Visionary Ali Muhammad turns ideas into realities. Through his media brand, 21st Century Hustle, Muhammad has inspired ambitious minds since the dawn of this millenium. For his clients and colleagues, he is an indispensable resource for everything unexpected and innovative in urban culture. After earning a journalism degree from Florida A&M in 1996, Muhammad quickly climbed the corporate ladder at Vibe, first as an intern and finally as Associate Ad Director of Music and Entertainment.Through this post, he developed an influential list of contacts including his mentor and musical icon, Quincy Jones. When Muhammad wasn’t bolstering the Vibe brand and developing relationships in the music, fashion and entertainment industries, he worked as a music supervisor with Rainforest Films, where earned credits on films such as Stomp the Yard; The Gospel; and the cult classics Trois 2: Pandora’s Box and Trois 3:The Escort. Muhammad’s visionary ventures continue with 21hustle.com, the online component of 21st Century Hustle magazine, and Hustlevision a digital production company.
Wangechi Mutu is a Kenyan-born artist who creates and lives in Brooklyn, New York. With a deep investment in the female subject and issues that pertain to the picture of a post-colonial African, Wangechi manages her meta-global dialogues by masterfully unfolding the complexities of gender, culture, and mass media imagery. In Mutu's haunting works, the female body is a primary site of engagement and provocation. Her elegantly horrific figures lurk in a hybrid world, trapped between consciousness and unconsciousness, silences and noises, life and death, real and unreal. The artist's signature aesthetic severs and blends a multitude of sources: medical diagrams, glossy magazines, anthropological and botanical texts, pornographic materials and traditional African arts, travel postcards, and mechanical and hunting publications. Mutu was the recipient of Deutsche Bank’s first Artist of the Year award (2010). She has exhibited at major institutions worldwide and her work is included in the collections of the Museum of Modern Art, New York; The Whitney Museum of American Art; The Studio Museum in Harlem; New Museum of Contemporary Art, New York, NY; The Museum of Contemporary Art, Chicago; the Museum of Contemporary Art, Los Angeles; Blanton Museum, Austin, TX; The Montreal Museum of Contemporary Art; and Tate Modern and Saatchi Gallery in London. Visit her Website wangechimutu.com for more information on this artist.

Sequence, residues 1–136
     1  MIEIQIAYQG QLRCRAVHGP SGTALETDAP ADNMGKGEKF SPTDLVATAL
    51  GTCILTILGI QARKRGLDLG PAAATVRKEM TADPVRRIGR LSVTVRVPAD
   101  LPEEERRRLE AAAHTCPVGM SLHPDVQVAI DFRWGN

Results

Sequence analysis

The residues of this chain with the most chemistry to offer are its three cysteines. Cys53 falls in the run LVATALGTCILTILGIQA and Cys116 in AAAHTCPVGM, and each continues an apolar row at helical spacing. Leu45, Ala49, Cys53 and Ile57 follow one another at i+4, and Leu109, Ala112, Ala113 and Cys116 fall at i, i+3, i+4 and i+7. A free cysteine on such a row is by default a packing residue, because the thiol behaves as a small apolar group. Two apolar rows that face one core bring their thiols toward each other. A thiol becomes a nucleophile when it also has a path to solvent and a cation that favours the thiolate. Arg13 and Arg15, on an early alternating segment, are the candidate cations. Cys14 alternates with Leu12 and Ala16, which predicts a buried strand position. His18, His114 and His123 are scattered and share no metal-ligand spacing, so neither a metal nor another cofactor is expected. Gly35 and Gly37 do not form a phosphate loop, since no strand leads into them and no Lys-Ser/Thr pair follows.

Toure is a novelist, essayist, music journalist, cultural critic, and television personality. He is the host of Fuse's Hiphop Shop and On The Record. He is also a contributor to MSNBC's The Dylan Ratigan Show, serves on the Rock and Roll Hall of Fame Nominating Committee, and is a member of the Adjunct Faculty of the City University of New York Graduate School of Journalism. Touré has written three books: The Portable Promised Land (2003), Soul City (2004), and Never Drank the Kool-Aid (2006). In September 2011 Free Press will publish Who's Afraid of Post-Blackness?, a look at modern Black identity.
Vernon Reid, the co-founder of the Black Rock Coalition and founder of double-platinum selling and Grammy Award-winning group Living Colour, is known for his rampant musical eclecticism, having played with artists as diverse stylistically as Mariah Carey and Public Enemy to Mick Jagger and jazz guitarists Bill Frisell.
Though he is making a name for himself as the bandleader for experimental jazz/funk/soul orchestra Burnt Sugar, many got to know Greg Tate from his role as Staff Writer at The Village Voice from 1987–2003. In fact, he was recently acknowledged by The Source magazine as one of the "Godfathers of Hiphop Journalism" for his groundbreaking work on the genre’s social, political, economic and cultural implications in the period when most pundits considered it a fad. His writings on culture and politics have also been published in The New York Times, The Washington Post, Artforum, Rolling Stone, VIBE, Premiere, Essence, Suede, The Wire, One World, Downbeat, and JazzTimes. His published interviews include dialogues with Miles Davis, George Clinton, Richard Pryor, Carlos Santana, Lenny Kravitz, Erykah Badu, Joni Mitchell, Lisa Bonet, Samuel R Delany, Ice Cube, Betty Carter, King Sunny Ade, to name only a few. Tate has also written for the Museum of Modern Art, The Whitney Museum, ICA Boston, ICA London, Museum of Contemporary Art Houston, The Studio Museum In Harlem, The Gagosian Gallery, Deitch Projects and the Tate Museums London and Liverpool. His writing about visual art includes monographs and essays about Chris Ofili. Wangechi Mutu, Jean-Michel Basquiat, Ellen Gallagher, Kehinde Wiley and Ramm El Zee. His books include Everything But The Burden: What White People Are Taking From Black Culture (Harlem Moon/Random House, 2003), Midnight Lightning: Jimi Hendrix and The Black Experience (Acapella/Lawrence Hill, 2003); Flyboy In The Buttermilk: Essays on American Culture (Simon and Shuster, 1993). Next year Duke University Press will publish Flyboy 2:The Greg Tate Reader. He recently completed The 100 Best Hiphop Lyrics for Penguin and is now working on a book about the Godfather of Soul, James Brown, for Riverhead Press. More info on Burnt Sugar is here.
When & Where
New Black Imagination Festival
A platform for progressive black culture